A Brief Reaction to "A Ghost Story"
Yet, that incident speaks volumes about the utterly unique power of the film. People won't know how to react to it, if they aren't willing to let themselves feel its oddities, and, more importantly, its discomforts.
Casey Affleck and Rooney Mara play a married couple living a quiet life in a modest rural home. Time passes in various ways as time does, sometimes slowly, sometimes quickly. Lowery's camera paces that out. It doesn't move much. We are never really sure when the next cut is coming. Their relationship plays out in silences. They talk about maybe moving, perhaps the wife (the characters aren't named) wants to be closer to town. The husband doesn't. He loves that house and all of its quirks, particularly its sounds. And its a love that they've made together. They hold each other in the early morning hours. Then he dies suddenly. She is alone. He comes back as a white-sheeted ghost. She can't see him. And, yes, she grief eats an entire pie while we watch. And she has to move on. And he can't.
What follows is a journey into the realms of the afterlife that is as haunting as the title suggests and as emotionally effective as any movie I've ever seen. This in spite of the fact that it is so simple. That it telegraphs its twist so obviously early on and even goes so far as to have an insufferable, drunken, bearded hipster pontificate about the very nature of director Lowery's own philosophy, this in a party scene at the film's very center.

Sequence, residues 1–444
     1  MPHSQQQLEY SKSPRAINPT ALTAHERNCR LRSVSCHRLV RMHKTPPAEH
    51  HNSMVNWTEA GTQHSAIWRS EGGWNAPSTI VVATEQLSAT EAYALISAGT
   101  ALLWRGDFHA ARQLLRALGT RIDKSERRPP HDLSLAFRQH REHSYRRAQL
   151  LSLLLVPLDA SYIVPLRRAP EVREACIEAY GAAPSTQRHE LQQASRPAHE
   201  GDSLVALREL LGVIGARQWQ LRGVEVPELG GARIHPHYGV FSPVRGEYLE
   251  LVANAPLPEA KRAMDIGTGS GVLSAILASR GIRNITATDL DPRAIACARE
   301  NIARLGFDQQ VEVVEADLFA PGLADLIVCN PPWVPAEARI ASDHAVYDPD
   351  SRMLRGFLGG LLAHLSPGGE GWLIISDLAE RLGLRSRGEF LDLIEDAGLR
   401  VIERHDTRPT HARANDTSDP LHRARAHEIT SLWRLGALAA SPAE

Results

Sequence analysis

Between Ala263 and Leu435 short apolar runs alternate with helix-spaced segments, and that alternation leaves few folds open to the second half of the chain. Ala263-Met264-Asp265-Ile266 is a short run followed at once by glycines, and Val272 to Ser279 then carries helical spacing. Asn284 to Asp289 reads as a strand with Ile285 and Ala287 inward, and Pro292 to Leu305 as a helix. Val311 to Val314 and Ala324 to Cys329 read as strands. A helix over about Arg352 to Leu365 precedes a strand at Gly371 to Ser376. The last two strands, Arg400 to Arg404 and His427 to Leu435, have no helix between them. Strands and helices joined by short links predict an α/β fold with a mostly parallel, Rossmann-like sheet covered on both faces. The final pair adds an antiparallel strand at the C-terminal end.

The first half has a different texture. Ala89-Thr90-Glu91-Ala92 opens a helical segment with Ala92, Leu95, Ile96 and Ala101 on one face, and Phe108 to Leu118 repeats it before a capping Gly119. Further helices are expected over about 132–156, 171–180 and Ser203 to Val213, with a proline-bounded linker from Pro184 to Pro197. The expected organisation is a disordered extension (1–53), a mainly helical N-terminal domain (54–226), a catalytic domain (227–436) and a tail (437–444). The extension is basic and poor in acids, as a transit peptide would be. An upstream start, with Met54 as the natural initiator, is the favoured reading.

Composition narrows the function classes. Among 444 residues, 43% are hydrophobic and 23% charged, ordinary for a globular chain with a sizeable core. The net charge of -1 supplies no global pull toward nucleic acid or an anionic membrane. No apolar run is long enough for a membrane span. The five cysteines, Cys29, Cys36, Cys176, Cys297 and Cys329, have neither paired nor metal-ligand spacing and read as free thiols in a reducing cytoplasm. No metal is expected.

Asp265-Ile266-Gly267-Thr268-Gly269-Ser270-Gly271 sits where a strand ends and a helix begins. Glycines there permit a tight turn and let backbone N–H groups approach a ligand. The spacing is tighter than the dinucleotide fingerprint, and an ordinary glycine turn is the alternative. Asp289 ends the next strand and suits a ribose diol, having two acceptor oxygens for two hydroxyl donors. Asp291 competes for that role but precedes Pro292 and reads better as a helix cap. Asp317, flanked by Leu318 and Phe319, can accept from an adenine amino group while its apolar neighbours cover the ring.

In its final, and most successful act, the film somehow manages to take everything it has us betting on, everything we thought we knew and thought we were seeing and then raise. I won't spoil it. But the passage of time gets even deeper than it had already, that we thought possible. And it does this not by holding still but by moving. The small moments of the first act move as a snail's pace, still images framed in that academy ratio, a box with rounded edges (a brilliant stylistic choice). The larger moments, the mind-blowers of the third act come with quicker edits.
And then there's that song and how it blends with the rest of Daniel Hart's brilliant score. And there it is again. And that one time again. And I'm in tears. And I'm not mad at the loud talker. And I love the way I feel. And I've never felt that way before.